In case you missed it, the third entry of this series on apologetics was about eye witnesses to Jesus’ ministry. Consider this entry part two of entry #3. This is also going to be about eye witnesses, but from a different vantage point. You see, those that claim that the disciples just “made up” the stories or were “just trying to control people” are ignorant about the religious climate of the day. Let’s dig in!
Let’s start with the men that were the closest to Jesus during his ministry. After His arrest, Peter famously denies knowing Him three times. A less discussed point on this matter is Peter denied knowing Him to a servant girl (Luke 22:54-62). He was afraid to tell a little girl what his position was (And if you’re going to tell stories like this, wouldn’t you leave the personally embarassing bits out???). Peter was afraid of what the authorities might do to him if they found out he was following Jesus.
Just a short time later, Jesus was executed. Of the 12 apostles, the only one present at the cross was John (John 19:26). The rest of them deserted Him and fled for their lives (Mark 14:50). Fast forward a few years later, and their attitudes had changed dramatically. All of them except John (not for lack of trying) were martyred.
- Peter – Crucified upside down
- Thomas – Thrust through with a spear
- Matthew – Thrust through with a sword
- Batholomew – Beheaded
- Simon – Crucified
- Philip – Crucified
- Andrew – Crucified
- James (The Lesser) – Stoned
- Judas (Not Iscariot) – Arrow Firing Squad
- James (The Greater) – Thrust through with a sword
- Judas (Iscariot) – Suicide
- Matthais (Judas’ Replacement) – Crucified
The only apostle of the twelve to die a natural death was John, but not for lack of trying. He was boiled alive in oil and exhiled to die alone on an island. Even then, he was still serving Jesus. Something pretty spectacular must have happened for a group of men to go from running scared to proclaiming Christ unto death. That was the penalty for Christianity. Death.
In the previous entry, I introduced two names that are bound together in scripture. Luke, the author of two New Testament books was a physician and historian. He’s bound to Theophilus, a nobleman. This honorable man thought so much of Luke’s credentials, that he hired him to investigate the life of Christ and the explosive growth of the church. He wanted to know if the rumors about Christ were true. If they lived through being found out, these men had prestige to lose.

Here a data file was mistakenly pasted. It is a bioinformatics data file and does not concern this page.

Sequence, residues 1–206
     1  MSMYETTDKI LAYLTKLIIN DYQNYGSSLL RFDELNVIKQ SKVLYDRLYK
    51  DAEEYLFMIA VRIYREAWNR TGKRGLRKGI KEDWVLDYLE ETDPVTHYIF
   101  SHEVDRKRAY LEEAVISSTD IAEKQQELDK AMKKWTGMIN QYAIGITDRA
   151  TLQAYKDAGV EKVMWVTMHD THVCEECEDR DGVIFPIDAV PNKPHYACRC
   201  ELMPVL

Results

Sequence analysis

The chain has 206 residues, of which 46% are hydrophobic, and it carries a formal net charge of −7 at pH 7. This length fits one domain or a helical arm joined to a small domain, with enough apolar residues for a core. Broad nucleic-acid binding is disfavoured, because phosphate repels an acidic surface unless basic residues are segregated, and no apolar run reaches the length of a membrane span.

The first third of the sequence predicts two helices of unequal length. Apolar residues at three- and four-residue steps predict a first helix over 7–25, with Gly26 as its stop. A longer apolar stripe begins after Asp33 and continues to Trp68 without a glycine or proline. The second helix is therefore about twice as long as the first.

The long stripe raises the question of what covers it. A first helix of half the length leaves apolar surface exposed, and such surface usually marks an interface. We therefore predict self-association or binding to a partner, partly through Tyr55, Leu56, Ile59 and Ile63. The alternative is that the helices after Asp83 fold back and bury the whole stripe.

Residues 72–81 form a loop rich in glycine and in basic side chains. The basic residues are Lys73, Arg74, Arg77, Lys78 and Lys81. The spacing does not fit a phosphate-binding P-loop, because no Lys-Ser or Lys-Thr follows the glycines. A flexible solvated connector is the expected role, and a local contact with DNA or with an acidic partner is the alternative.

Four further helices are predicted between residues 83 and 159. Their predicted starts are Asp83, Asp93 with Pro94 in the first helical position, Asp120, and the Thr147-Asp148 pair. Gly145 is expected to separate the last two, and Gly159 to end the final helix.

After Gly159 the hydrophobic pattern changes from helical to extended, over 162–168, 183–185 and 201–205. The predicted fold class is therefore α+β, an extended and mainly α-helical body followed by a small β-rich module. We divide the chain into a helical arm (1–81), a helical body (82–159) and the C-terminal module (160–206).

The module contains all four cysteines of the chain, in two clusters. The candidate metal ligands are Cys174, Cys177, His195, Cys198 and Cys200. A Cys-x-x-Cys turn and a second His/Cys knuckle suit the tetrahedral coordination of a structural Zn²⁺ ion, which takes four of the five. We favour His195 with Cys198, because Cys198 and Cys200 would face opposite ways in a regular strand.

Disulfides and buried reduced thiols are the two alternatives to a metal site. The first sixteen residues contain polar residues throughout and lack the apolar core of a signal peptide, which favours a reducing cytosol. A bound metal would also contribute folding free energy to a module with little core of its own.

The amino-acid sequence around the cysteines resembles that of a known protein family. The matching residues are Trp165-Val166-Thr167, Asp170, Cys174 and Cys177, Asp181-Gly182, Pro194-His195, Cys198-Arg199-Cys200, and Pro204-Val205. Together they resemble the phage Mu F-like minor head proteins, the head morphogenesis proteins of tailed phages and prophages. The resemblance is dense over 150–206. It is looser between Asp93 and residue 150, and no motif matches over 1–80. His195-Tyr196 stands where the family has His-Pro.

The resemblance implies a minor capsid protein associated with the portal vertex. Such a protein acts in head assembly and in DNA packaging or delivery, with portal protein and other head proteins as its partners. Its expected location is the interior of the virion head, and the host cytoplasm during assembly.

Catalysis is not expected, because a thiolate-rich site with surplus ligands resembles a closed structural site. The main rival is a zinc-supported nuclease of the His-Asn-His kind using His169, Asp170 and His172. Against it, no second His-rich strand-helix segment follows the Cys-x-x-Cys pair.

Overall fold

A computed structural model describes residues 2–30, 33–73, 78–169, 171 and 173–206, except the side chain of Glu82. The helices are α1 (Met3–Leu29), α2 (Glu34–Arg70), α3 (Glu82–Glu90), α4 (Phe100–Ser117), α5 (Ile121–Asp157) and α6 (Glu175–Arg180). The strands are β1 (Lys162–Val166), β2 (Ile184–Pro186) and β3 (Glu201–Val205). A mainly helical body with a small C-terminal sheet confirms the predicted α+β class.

There’s a second couple bound by scripture that are important to make this point. Those men were Stephen, the first known Christian martyr, and Saul of Tarsus, a religious leader of the day. Saul sanctioned the stoning and death of Stephen. This is especially relevant because Stephen defied the Sanhedrin and Pharisees publicly and to their faces even though they had the authority to execute him, which they eventually did when they could tolerate his preaching no more (Acts 7:54-60).
In the following chapters of Acts, Saul gives up his nobility to serve Christ. Why would this man step down from a pedastal of high repute and subsequently lose his social stature? Why would he then go on to do the same things he had Stephen killed for? Why would he continue on this way after being beaten (Acts 22:24), stoned (Acts 14:19), shipwrecked (Acts 27:27 – Acts 28:5), imprisoned (Acts 16:16-40) and put on house arrest (Acts 28:17-31)?
This man went on to contribute a sizeable portion of the New Testament preaching the same Christ he was slaughtering Christians over virtually overnight. So, what happened? Why did this man, a pharisee, well respected by his peers and feared by commoners, defect to the group of people he hunted down and imprisoned personally (Acts 8:1-3)?
This man spared man nor woman, but suddenly decided it appropriate to subject himself to the terrorism he himself inflicted on Christians. Why? Like all the other witnesses of the day, he met the resurrected Christ personally (Acts 9). It changed his life’s direction forever, until the day he too was finally beheaded for his faith.
Christians faced this hostility for another 300 years before Constantine put an end to it. That’s three centuries of crufixions, being fed to lions, being stoned and being lit up like tiki torches by the romans and STILL persisting. The accusation that the early church was making a power play is laughable at best and greviously insulting to the blood spilled at worst.
I’m going to stop here and point you to Acts 2. Peter here is preaching to the very people that had Jesus killed.
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